Under pressure from Brussels, Rome revised its planned spending spree to cut deficit projections. At the same time, Italian officials were riled over the EU's alleged preferential treatment of France.
Rome offered to stay below a deficit of 2.04 percent of GDP for next year's budget in a bid to get approval from Brussels, walking back from an earlier pledge of 2.4 percent.
After meeting European Commission President Jean-Claude Juncker in Brussels on Wednesday, Italian Prime Minister Guiseppe Conte said the offer was "serious and reasonable." The new deficit target would allow Italy to avoid the threat of EU fines without sacrificing key pension reforms and basic income subsidies, Conte added.
"We are not at all betraying the trust of Italians," he said.
Read more: EU shoots down Italy's budget plans, again
EU officials did not immediately respond to Conte's proposal but said that Juncker "listened attentively" to the offer.
"Good progress has been made. The European Commission will now assess the proposals received this afternoon. Work will continue in the coming days," a spokeswoman said.
'No question of privileged treatment' of France
Previously, Conte argued that increased spending is necessary to boost the flailing economy and avoid a copy of the French "yellow vest" riots. After countrywide violence, French President Emmanuel Macron approved €10 billion ($11.3 billion) in concessions to the poor, including boosting the minimum wage and tax relief for pensioners and overtime work.
Italian officials also decried the mild response from Brussels after Paris approved the measures. The spending plan would drive the French deficit above the previously planned 2.8 percent for 2019, with the shortfall predicted to top the EU's 3 percent limit and possibly hit 3.5 percent.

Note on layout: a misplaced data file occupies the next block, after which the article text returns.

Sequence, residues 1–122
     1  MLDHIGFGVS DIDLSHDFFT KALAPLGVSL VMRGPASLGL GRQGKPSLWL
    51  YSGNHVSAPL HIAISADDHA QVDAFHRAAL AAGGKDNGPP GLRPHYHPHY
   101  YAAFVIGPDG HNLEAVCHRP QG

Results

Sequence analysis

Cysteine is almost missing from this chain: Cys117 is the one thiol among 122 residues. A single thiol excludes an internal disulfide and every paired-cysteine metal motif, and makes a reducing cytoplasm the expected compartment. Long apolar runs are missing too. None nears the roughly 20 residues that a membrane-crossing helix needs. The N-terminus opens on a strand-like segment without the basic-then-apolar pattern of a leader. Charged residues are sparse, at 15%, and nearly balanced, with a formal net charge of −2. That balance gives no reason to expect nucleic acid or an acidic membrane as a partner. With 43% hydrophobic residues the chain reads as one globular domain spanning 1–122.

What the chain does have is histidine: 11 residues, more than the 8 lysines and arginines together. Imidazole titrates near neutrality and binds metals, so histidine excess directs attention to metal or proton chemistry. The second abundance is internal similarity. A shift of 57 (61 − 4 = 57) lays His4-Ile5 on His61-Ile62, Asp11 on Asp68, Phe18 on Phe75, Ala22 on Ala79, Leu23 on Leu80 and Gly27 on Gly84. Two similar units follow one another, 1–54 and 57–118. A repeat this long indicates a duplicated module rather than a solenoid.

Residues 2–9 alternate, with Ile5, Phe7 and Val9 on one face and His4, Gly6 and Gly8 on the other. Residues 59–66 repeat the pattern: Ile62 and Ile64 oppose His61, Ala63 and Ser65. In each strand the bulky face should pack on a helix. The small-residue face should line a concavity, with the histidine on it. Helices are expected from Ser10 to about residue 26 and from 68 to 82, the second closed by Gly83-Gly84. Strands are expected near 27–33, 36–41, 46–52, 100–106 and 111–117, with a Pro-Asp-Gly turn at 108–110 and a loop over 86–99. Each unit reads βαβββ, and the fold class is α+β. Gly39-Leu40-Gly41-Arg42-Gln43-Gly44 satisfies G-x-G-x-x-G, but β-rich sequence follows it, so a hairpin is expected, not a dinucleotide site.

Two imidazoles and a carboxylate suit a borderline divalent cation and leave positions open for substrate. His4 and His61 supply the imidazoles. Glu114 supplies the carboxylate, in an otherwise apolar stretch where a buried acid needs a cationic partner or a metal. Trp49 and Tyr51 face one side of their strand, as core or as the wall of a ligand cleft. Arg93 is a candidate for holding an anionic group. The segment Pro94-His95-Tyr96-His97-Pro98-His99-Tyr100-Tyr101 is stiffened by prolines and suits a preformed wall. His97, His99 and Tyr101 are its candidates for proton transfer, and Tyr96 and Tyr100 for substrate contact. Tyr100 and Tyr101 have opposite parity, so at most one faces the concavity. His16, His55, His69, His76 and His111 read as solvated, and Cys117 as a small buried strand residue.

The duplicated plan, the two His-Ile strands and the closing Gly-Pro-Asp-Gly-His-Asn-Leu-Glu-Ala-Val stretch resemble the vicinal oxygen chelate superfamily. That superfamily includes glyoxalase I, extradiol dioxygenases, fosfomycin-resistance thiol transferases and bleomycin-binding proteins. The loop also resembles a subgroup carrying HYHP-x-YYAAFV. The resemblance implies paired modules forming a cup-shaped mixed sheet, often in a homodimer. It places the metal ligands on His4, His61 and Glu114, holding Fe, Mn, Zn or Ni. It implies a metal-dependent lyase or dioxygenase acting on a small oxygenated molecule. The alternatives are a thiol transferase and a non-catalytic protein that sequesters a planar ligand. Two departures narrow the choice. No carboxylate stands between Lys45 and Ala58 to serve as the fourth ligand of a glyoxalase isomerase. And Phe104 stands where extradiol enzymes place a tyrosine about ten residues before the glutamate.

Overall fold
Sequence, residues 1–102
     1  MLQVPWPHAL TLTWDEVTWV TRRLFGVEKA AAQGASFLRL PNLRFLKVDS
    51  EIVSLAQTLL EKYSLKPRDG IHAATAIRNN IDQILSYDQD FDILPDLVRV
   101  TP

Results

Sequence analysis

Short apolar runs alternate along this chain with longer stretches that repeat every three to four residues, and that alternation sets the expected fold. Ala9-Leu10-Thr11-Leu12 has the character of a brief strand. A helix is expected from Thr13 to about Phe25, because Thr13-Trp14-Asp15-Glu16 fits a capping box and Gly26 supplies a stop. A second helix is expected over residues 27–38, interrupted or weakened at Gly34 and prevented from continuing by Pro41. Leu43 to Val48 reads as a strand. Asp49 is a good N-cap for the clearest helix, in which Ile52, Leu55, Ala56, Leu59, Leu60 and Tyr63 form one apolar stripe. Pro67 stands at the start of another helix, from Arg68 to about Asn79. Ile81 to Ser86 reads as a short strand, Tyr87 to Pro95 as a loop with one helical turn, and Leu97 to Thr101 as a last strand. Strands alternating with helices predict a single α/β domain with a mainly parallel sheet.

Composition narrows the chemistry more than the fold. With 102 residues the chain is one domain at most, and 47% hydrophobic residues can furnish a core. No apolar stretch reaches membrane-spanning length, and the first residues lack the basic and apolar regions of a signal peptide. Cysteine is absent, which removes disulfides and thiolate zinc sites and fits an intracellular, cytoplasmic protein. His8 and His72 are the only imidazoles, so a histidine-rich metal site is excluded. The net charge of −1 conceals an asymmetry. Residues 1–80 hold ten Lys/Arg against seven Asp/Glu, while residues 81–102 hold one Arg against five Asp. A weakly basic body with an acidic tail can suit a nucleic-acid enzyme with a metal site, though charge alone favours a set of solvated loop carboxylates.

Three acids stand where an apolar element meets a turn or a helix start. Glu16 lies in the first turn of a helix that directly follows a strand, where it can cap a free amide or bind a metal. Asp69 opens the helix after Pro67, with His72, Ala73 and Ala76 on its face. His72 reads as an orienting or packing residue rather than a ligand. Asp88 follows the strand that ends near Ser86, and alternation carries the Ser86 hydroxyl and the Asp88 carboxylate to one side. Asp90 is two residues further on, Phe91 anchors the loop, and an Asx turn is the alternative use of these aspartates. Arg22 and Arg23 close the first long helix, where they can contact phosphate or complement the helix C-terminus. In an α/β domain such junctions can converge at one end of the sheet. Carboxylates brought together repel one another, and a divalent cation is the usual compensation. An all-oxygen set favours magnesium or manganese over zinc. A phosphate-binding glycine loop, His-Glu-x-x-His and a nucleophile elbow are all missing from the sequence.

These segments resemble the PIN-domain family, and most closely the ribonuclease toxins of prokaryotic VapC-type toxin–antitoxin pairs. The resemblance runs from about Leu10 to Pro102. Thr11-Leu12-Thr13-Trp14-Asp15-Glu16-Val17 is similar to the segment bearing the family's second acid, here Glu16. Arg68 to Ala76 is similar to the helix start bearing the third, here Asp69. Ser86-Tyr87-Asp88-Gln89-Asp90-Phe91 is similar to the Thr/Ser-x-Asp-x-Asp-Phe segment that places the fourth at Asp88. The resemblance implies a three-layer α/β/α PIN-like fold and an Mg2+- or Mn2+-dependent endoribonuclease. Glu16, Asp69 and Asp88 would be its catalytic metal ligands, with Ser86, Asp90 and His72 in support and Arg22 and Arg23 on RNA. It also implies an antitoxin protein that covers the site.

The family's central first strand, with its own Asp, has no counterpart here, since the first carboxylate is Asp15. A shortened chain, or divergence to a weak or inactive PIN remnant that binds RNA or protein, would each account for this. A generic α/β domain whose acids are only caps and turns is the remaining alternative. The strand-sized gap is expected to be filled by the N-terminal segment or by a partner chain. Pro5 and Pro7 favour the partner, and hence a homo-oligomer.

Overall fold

"I'd love to see with what courage they could launch an infringement procedure against Italy's budget and not against France's," said Claudio Borghi, head of the Italian Parliament's Budget Committee, ahead of Conte's trip to Brussels.
Commenting on the claims of preferential treatment, EU Economic Affairs Commissioner Pierre Moscovici said, "The rules are the same for everybody."
"There is no question of privileged treatment for some and exaggerated toughness for others," Moscovici said at a conference in Frankfurt.
At the same time, he said Brussels understands that "in the face of social movements and very strong demands to reduce regional or social disintegration, a government may need to take measures."
Paris spending can be 'limited, temporary and exceptional'
Moscovici, who once served as France's finance minister, also told Le Parisien newspaper that France would only breach the deficit limit for one year, and Italy's plans would cause the deficit to overstep the boundary for three years.
France's spending can be "envisaged in a limited, temporary and exceptional way," Moscovici said.
"Every word counts. Breaching the 3 percent limit must not continue for two consecutive years and must not exceed 3.5 percent in a year," he added.
Also, France's debt was around 100 percent of its annual GDP while Italy's was 130 percent, Moscovici said.
Even so, both countries accumulated debts way past the EU's ceiling of 60 percent of the annual GDP.
France's measures could weaken Macron's international standing, undermining his efforts to strengthen the eurozone area and his urging that its members should stick to the rules.
dj/sms (dpa, AFP)